The response I most dread feeling to a show is not outright antipathy (that can be invigorating in its way) but a listless, "Well, it's perfectly fine by its own lights, but what's it for?" We know the intention behind the current ensemble season in the Swan at Stratford under Gregory Doran: to show us a clutch of lesser remembered examples of the whole range of Elizabethan-Jacobean theatre. We know what John Fletcher's The Island Princess (1621) is doing in this selection: it represents the genre of travel plays. But neither of these quite answers the question.
The story – of differing factions among both the natives and the Portuguese colonists in the Moluccan "spice islands" – hurtles along at high speed. Imprisonment and liberation, concealment and disguise, resolution and inaction, and the bombardment of a couple of towns, are all given narrative form by the characters' contention for the hand of the beautiful but determined title character. Princess Quisara is a cut-price Cleopatra in her manipulations of others for her own ambitions and in her diametrical changes of mind, and Sasha Behar gets full value out of emotions and intelligence alike.
The men surrounding Quisara contain every convenient archetype. David Rintoul as Portuguese captain Ruy Dias is eloquent and self-regarding but fatally slow to act; Joe Dixon's scene-stealing King of Bakam is a low-comedy version of the same, a big-talking coward. As Armusia, the "Portugal" who wins first the hand and then the heart of Quisara, Jamie Glover is honest, principled and sometimes a little too straightforward for the goings-on around him. He, too, is mirrored by Quisara's brother (played by Michael Matus), whose kingship is rendered ineffectual through trusting too much. The evil governor of the neighbouring island is a fairly conventional Jacobean villain, who in Paul Bhattacharjee's portrayal disguises himself as a swami equal parts Maharishi and bin Laden. We are most drawn to the combination of cynicism, bluntness and good heart in Antony Byrne's Pyniero.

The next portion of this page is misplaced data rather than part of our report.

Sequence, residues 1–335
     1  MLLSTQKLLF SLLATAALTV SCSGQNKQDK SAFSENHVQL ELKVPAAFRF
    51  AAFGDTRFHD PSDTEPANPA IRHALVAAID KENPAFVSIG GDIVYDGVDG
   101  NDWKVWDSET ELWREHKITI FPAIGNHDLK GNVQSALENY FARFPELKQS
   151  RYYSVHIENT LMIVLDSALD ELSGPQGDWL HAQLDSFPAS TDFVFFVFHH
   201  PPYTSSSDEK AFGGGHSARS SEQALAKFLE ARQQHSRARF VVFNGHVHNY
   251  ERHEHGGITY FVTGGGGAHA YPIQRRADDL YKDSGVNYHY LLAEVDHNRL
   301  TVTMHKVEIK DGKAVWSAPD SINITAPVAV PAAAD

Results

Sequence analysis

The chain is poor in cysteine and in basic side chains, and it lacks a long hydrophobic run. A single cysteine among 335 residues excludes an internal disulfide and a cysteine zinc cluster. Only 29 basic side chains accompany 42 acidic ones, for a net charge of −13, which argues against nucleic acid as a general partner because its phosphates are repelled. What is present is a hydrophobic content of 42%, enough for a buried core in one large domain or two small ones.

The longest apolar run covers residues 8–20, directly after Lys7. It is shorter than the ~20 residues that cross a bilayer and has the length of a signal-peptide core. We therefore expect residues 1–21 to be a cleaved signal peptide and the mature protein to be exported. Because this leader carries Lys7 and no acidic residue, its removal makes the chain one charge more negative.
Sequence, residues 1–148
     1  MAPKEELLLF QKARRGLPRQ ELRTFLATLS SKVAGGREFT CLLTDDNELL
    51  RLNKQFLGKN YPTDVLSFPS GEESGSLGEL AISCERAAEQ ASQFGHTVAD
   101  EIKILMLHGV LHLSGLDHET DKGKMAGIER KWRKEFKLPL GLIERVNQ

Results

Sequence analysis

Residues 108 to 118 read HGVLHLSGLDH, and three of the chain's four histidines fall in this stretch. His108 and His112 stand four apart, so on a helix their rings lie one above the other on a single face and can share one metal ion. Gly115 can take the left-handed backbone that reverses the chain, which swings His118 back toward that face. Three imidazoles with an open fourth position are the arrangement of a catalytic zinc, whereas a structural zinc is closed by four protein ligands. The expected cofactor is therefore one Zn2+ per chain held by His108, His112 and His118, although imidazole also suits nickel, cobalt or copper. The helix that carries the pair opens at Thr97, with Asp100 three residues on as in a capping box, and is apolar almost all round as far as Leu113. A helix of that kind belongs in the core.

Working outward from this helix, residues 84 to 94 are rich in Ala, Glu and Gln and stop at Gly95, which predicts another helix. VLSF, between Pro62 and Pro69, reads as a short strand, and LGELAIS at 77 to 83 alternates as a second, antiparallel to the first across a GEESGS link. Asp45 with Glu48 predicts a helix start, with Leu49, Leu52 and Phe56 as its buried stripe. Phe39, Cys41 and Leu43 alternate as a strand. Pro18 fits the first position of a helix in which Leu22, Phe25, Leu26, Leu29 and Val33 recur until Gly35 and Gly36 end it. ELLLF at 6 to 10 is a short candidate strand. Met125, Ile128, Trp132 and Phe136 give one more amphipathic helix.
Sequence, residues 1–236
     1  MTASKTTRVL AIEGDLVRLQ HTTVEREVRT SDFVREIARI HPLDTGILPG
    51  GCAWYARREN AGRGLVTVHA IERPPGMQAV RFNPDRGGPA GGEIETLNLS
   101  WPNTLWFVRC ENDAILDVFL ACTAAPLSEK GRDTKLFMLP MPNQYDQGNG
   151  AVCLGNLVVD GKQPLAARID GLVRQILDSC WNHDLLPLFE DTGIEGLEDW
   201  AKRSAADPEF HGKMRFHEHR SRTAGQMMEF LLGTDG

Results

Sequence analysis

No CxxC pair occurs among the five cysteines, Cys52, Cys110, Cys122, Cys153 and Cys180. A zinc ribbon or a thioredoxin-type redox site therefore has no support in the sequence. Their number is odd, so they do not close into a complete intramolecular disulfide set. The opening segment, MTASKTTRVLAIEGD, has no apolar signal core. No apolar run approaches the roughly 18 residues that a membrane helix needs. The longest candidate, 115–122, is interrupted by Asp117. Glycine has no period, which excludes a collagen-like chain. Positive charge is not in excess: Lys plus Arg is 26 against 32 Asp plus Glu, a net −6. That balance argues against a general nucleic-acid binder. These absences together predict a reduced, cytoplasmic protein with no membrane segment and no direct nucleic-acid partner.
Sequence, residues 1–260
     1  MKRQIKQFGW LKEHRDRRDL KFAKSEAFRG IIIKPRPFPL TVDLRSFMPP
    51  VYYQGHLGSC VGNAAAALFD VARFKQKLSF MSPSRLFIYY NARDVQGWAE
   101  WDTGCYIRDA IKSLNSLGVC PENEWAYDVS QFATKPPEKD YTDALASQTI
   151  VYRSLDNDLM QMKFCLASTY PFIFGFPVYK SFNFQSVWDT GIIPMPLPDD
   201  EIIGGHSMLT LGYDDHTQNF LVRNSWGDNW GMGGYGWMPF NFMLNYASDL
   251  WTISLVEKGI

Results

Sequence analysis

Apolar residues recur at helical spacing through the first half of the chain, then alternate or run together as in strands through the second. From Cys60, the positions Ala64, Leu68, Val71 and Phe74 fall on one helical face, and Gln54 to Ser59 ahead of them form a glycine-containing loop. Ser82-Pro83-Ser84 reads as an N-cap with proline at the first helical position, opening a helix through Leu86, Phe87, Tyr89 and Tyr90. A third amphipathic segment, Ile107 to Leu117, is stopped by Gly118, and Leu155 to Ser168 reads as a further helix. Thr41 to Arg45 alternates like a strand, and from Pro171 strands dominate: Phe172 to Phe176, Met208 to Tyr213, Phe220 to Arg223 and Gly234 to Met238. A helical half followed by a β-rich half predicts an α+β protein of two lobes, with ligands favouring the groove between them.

It all indulges a voracious taste for exotica, which Doran's production and Niki Turner's design point up as the sea-stained Portuguese rub shoulders with opulently clad Indonesian characters, all accompanied by a gamelan orchestra upstage. And the exotica seems to be the only point. (We can ignore suggestions made in notes to the published play text that the different factions of colonists were intended to represent the struggle between the Dutch and English for control of the Moluccas; this is entirely irrelevant to what we see on stage.)
Until, that is, the final half-hour of the show. Then, prompted by the false priest, Quisara asks her beloved Armusia to convert to her religion, he refuses with such vehemence that war breaks out, and in the end his steadfast rectitude wins Quisara and possibly her brother also over to Christianity. The message is, in effect, that it's nice to pass time and company with foreigners, but when it comes down to it we're right, because we just know we are and anyway we have bigger guns. And that seems to me to be a dangerous subtext at this particular moment in history. So it's perfectly fine by its own lights, but what's The Island Princess for in 2002? On the surface, too little; beneath it, all too much.
Written for the Financial Times.
Copyright © Ian Shuttleworth; all rights reserved.
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